Hillary in Pollard Push

Wants release of info on spy for Israel

WILLIAM GOLDSCHLAG - NY Daily News - October 6, 2000

Hillary Rodham Clinton said yesterday she has asked her husband to declassify reports that could help settle the question of whether Jonathan Pollard, an American who spied for Israel, should receive clemency from his life sentence.

Clinton also voiced her strongest regret yet over the Suha Arafat incident as she fielded questions from reporters for the newspaper Jewish Week and looked to reinforce her standing with Jewish voters, about an eighth of the state's electorate.

Asked what she would do differently on that diplomatic mission-turned-political fiasco last year, she said, "I wouldn't have gone," drawing appreciative laughter from

Clinton had sat silently on a West Bank visit while the wife of Palestinian leader Yasser Arafat accused Israel of using poison gas against Arab children. Clinton condemned the accusations only after the ensuing uproar — and later gave various reasons for the delay.

Political advisers had warned Clinton against the official First Lady visit. Images of Clinton hugging and kissing Arafat's wife shook some Jewish New Yorkers and still haunts the campaign.

Clinton said that as a senator from New York, "I would never be in a situation like that."

As she has before, Clinton took a sympathetic position toward those who have advocated freedom for Pollard, but stopped short of signing on to their cause.

Pollard, a U.S. Navy analyst, pleaded guilty in 1987 to giving Israel thousands of secret documents. Secret damage-assessment reports from then-Defense Secretary Caspar Weinberger and others helped spur the judge to sentence Pollard to life in prison.

Clinton said, as she has before, that the secret material raised "troubling" questions of "due process." She said, "I would call on the administration to release that material" — with necessary omissions on national security grounds — "so we can ... have a foundation on which to make judgments."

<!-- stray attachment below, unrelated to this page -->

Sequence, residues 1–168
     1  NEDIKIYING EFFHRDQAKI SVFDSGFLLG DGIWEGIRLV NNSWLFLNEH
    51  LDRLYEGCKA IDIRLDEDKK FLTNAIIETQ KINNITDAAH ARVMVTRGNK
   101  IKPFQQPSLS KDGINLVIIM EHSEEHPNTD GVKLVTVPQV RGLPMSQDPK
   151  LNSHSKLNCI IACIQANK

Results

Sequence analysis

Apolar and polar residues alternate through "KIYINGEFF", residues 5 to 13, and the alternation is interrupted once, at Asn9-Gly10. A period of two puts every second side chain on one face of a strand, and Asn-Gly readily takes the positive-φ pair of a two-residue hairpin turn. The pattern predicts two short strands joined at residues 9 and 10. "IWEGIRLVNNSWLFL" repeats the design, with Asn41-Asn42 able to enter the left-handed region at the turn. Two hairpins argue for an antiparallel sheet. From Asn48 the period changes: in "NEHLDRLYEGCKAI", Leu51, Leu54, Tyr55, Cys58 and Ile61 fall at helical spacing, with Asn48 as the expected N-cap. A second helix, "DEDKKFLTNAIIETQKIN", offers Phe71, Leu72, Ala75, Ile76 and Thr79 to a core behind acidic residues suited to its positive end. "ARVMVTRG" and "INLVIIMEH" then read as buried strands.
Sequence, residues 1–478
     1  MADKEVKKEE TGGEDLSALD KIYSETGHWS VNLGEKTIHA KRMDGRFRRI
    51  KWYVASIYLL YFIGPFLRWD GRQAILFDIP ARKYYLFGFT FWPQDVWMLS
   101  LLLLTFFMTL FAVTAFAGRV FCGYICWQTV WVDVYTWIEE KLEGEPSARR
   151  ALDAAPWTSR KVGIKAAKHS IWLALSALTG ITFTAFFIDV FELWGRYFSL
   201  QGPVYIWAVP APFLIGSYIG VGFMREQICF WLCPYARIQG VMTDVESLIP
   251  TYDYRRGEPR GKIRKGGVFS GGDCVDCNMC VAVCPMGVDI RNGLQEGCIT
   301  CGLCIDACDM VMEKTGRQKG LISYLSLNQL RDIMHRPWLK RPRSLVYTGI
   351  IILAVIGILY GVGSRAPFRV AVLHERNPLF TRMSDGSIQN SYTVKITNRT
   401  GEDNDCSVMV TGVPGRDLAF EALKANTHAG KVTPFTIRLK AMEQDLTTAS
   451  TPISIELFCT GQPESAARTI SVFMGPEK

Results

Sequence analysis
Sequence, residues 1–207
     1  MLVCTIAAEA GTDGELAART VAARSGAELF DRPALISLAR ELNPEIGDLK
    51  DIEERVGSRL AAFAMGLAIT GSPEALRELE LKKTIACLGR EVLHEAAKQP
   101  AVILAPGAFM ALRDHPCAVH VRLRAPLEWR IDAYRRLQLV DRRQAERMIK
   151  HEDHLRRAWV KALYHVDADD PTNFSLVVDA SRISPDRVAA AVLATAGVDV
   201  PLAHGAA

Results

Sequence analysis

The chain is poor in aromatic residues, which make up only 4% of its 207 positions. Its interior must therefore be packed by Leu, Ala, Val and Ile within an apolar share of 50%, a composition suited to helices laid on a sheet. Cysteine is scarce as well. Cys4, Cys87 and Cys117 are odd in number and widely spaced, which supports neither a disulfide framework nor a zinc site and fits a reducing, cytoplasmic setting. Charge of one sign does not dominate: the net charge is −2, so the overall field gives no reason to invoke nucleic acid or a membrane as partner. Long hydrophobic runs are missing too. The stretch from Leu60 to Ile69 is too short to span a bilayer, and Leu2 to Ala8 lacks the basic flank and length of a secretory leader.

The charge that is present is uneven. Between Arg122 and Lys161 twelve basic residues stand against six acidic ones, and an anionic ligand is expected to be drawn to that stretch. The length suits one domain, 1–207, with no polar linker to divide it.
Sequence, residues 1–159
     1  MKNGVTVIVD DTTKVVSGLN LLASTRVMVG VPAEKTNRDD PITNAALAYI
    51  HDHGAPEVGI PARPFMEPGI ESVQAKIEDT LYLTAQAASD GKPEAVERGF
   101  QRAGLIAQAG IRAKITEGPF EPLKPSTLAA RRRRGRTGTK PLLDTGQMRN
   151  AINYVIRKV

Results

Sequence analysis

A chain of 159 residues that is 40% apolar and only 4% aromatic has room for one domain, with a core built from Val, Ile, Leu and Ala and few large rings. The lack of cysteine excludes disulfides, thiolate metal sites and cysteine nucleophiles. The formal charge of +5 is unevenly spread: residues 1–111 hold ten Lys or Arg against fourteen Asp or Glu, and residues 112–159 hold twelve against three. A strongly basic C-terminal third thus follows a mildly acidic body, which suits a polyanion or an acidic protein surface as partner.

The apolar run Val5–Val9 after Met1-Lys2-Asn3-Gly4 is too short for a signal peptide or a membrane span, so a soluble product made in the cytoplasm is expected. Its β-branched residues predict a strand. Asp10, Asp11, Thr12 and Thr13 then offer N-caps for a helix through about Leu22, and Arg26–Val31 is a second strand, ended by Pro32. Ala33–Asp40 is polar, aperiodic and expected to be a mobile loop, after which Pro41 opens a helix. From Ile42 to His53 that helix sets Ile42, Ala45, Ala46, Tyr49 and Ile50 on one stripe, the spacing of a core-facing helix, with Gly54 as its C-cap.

Asked, "Have you discussed it with the President?" she replied, "I have made my views known, yes." The White House had no immediate comment.

Awaiting such material also gives Clinton cover to postpone a decision. She has steadily improved her standing with Jewish voters without declaring herself on the Pollard issue.

Jews are divided on the case. Clinton noted, "Two people whom I deeply respect have read the same material and reached opposite conclusions." Sen. Chuck Schumer (D-N.Y.) favors clemency, and vice presidential candidate Sen. Joseph Lieberman opposes it.

Pollard's supporters — most doggedly Assemblyman Dov Hikind (D-Brooklyn) — argue Pollard was singled out for harsh treatment. Hikind praised Clinton for a "step in the right direction."

Spokesman Michael Marr said GOP Senate candidate Rep. Rick Lazio, who has no position on clemency, also "supports the release of the Weinberger memo." He rapped the Clinton administration for having "promised over 600 days ago" to come to "a speedy resolution" on clemency.

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